UNIVERSITY JOURNAL SOUTHERN UTAH UNIVERSITY ACCENT EDITION | FEBRUARY 2018
highlights INTERVIEW WITH CONGRESSMAN STEWART - P2 NOTABLE SUU ALUMNI - P5 LEARN ABOUT THE NEW HSS DEAN - P9 AMBER MECHAM FEATURE - P13
WHAT IS NET NEUTRALITY - P18
SUU TO EVERYWHERE - P30
SHOE REPAIR - P22
COMMUNITY WORLD TRAVEL - P31
UTAH OLYMPIANS - P26
SUU COMMUNITY EDUCATION - P32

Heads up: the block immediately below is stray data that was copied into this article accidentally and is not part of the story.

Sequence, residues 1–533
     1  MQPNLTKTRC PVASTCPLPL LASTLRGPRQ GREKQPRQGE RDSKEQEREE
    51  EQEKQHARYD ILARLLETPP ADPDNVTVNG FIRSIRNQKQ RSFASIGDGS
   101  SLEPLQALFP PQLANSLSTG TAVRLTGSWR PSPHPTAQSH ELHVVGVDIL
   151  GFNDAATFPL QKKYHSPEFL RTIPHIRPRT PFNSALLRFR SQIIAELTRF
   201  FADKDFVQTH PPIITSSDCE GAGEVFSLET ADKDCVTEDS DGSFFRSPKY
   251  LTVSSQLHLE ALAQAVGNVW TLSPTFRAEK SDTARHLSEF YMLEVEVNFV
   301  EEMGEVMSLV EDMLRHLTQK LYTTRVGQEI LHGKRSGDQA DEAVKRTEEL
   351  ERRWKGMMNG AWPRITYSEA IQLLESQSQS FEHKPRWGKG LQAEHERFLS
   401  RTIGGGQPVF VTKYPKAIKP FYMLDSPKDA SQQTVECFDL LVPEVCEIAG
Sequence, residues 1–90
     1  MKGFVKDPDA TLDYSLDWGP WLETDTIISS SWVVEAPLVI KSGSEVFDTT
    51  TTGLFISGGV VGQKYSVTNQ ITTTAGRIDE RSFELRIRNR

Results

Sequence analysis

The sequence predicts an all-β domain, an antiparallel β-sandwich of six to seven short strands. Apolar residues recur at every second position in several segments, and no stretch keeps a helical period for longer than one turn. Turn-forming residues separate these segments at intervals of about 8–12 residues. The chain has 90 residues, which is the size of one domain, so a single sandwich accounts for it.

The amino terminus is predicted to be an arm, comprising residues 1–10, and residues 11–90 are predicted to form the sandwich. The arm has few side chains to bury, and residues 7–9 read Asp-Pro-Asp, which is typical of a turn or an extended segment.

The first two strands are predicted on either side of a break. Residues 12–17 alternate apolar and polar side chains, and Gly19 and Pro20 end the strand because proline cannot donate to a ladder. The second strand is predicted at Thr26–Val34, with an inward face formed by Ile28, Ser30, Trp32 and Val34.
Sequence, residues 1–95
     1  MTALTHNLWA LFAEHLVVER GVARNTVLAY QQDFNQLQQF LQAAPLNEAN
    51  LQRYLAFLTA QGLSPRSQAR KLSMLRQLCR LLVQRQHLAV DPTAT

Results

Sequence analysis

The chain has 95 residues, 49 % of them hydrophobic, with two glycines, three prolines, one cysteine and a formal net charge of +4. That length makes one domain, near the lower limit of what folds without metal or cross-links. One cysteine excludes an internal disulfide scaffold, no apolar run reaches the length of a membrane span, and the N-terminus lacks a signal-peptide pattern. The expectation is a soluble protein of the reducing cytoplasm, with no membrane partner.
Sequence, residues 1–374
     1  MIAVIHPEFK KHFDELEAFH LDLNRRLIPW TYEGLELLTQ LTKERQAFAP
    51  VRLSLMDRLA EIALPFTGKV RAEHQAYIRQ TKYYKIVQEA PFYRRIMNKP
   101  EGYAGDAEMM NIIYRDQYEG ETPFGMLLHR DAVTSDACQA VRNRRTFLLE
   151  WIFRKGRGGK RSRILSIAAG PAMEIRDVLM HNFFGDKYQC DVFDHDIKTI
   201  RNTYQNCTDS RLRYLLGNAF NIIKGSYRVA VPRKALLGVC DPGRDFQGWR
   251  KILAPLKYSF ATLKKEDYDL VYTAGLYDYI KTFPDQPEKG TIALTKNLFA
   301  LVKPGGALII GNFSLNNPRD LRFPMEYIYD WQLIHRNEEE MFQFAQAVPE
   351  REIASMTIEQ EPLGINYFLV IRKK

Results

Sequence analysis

CONGRESSMAN CHRIS STEWART Q: I know there’s been some controversy regarding the repeal of the Deferred Action for Childhood Arrivals (DACA) policy. A: Oh, there hasn’t been controversy, come on. What are you talking about? Q: You are the cosponsor of two pieces of legislation that would work to protect those affected by the DACA repeal. Can you tell us a little about that? A: For those groups, those individuals who came here as children, as minors, we have to recognize that we have to accommodate them and make them feel as if they have a future … For example, I think if you’ve entered the country illegally, I don’t think you can just — with a stroke of the pen have one man, the president of the United States as President Obama wanted to do, make them citizens. I think becoming a citizen is something you have to earn, and you have to pay a price for. On the other hand, I would be willing to talk with them about legal status so as they come out of the shadows they can work, they can give their children a future, they don’t have to worry about being sent back home ... As you know this last weekend we had a government shutdown over this issue. Which is really unfortunate, because ironically Republicans and Democrats support — there is broad agreement on the subject. I think we’ll get there sometime in the next few weeks, in February. It might take a week or two longer, but if we don’t, by the way, shame on those people who aren’t helping us because this is a big issue for a lot of people. As I said, there is bipartisan support. Q: Moving on to Utah itself, we’ve seen some changes particularly to our national monuments. President Trump recently announced that he was greatly reducing the size of the Grand Staircase - Escalante and Bears Ears National Monuments. The Escalante monument is actually in your district? A: That was absolutely the right thing to do. You’d have to go back … President 2